Neurological symptoms, such as memory and attention loss, can be attributed to two main factors. Firstly, possible vascular, hemorrhagic, and ischemic injuries, as well as microglial activation in the white matter, T-cell invasion, and regional neuronophagy in the locus coeruleus, which is responsible for brain functions such as attention and memory [23,24,25]. Secondly, there may be a psychosomatic effect due to the trauma of contracting the virus [26]. Individuals who have recovered from COVID-19 often report feeling unlike themselves, experiencing short-term memory loss, confusion, difficulty concentrating, and a general sense of being different compared to before the infection [26, 27].

Engaging in continuous PA has beneficial impact on neurogenesis and synaptic plasticity associated, which can help alleviate minor neurological complications. Notably, PA promotes the production of astrocytes, which are central nervous system cells responsible for maintaining brain homeostasis [28, 29]. Our data supports the potential advantages of maintaining regular physical activity in the context of Long COVID. These findings are crucial as approximately 50% of individuals affected by COVID-19 may experience the syndrome [5].

The etiology of headache as a residual symptom is complex and multifactorial, involving direct infection effects, cerebrovascular disease (including hypercoagulation), physiological impairments (e.g., hypoxia), medication side effects, and social aspects related to having a life-threatening illness [30]. Continuous PA appears to play a role maintaining brain health by regulating neurotrophic factors and anti-inflammatory cytokines [31]. Thus, the significance of our findings underscores the potential benefits of continuous PA in the prevention of Long COVID symptoms [32].

Despite the challenges posed by the closure of exercise spaces due to social distancing requirements [33], coupled with the difficulties faced by individuals with Long COVID in resuming PA due to their symptoms, our findings indicate that regular PA should be considered as a non-pharmacological strategy to reduce the likelihood of developing Long COVID. In other words, PA promoting policies should be included in first response action in pandemic scenarios, such as the COVID-19. It is important to highlight the magnitude of protection that PA can provide for the various symptoms, considering that the estimated overall prevalence of Long COVID in non-hospitalized patients can reach values of 34.0% (95% CI, 25.0–46.0) [4].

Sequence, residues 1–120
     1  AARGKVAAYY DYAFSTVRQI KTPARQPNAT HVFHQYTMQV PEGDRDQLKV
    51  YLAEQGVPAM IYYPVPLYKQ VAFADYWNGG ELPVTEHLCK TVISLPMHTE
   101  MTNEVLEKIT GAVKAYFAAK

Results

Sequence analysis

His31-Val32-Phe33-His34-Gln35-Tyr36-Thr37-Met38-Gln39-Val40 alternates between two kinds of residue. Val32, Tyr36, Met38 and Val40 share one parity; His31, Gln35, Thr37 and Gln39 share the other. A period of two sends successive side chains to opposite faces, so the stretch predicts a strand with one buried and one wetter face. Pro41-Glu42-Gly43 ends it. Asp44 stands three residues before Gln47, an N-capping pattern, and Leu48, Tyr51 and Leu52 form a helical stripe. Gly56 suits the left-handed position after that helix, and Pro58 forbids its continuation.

The limitations of our study should be listed. Firstly, we did not assess asymptomatic individuals during the acute phase of SARS-CoV-2 infection. Consequently, sample bias cannot be discarded. Secondly, PA was assessed retrospectively, and memory bias might be a concern. Thirdly, the questionnaire focused on the 19 most prevalent symptoms reported in the literature. Even though there are more than 200 Long COVID symptoms reported, we were unable to cover all of them in the questionnaire due to interview restraints [5]. Fourthly, we only analyzed individuals who survived COVID-19, and survival bias cannot be discarded. However, our sample consisted of individuals with COVID-19 who were diagnosed using the gold standard test (RT-PCR), and we achieved a high response rate (> 75%). Furthermore, different from other studies, we evaluated different PA levels in individuals who were not hospitalized.


The continuous PA practice showed a protective effect against Long COVID symptoms, particularly those affecting the musculoskeletal, neurological and respiratory systems. These findings enhance our understanding of the association between PA and Long COVID symptoms, providing a theoretical basis for healthcare managers to promote PA during pandemic scenarios. To facilitate continuous PA strategies, it is recommended to encourage home-based exercises and utilize digital platforms that provide guidance from exercise science professionals. Implementing these initiatives aims to assist individuals in sustaining an active lifestyle despite the challenges posed by the pandemic scenario.

Data Availability

Datasets used and/or analyzed during the current study are available from the corresponding author upon reasonable request.



Physical activity


Health Research Ethics Committee


Federal University of Rio Grande


Reverse transcription polymerase chain reaction


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The authors would like to thank FAPERGS (Research Support Foundation of the State of RS) and the Coordination for the Improvement of Higher Education Personnel (CAPES).


The study was carried out with financial support from FAPERGS - FResearch Support Foundation of Rio Grande do Sul, Brazil grant number 21/2551-0000107-0 Research Program for the SUS: shared management in health - PPSUS).

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J.Q.S.R, E.L.C, and M.O.S planned and conducted the analyses, Y.P.V,J.Q.S.R and M.S.A prepared the manuscript and performed the data collection, M.O.S and S.M.S.D developed the questionnaire and performed the reviews. All the authors contributed to the writing of the article, reviewed and approved the content of the manuscript.

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Correspondence to Juliana Quadros Santos Rocha.

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This research involves human participants and was carried out in accordance with the relevant guidelines and regulations of the Declaration of Helsinki and this study protocol was approved by the Ethics Committee in Health Research of the Federal University of Rio Grande (Certificate of Submission for Ethical Evaluation nº 39081120.0 0.0000.5324). This research complied with the specific resolution of the National Health Council (466/2012) and informed consent was obtained from all subjects in accordance with the resolution of the Free and Informed Consent Term of the National Health Council.

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Rocha, J.Q.S., Caputo, E.L., Vieira, Y.P. et al. Physical activity status prevents symptoms of long covid: Sulcovid-19 survey. BMC Sports Sci Med Rehabil 15, 170 (2023).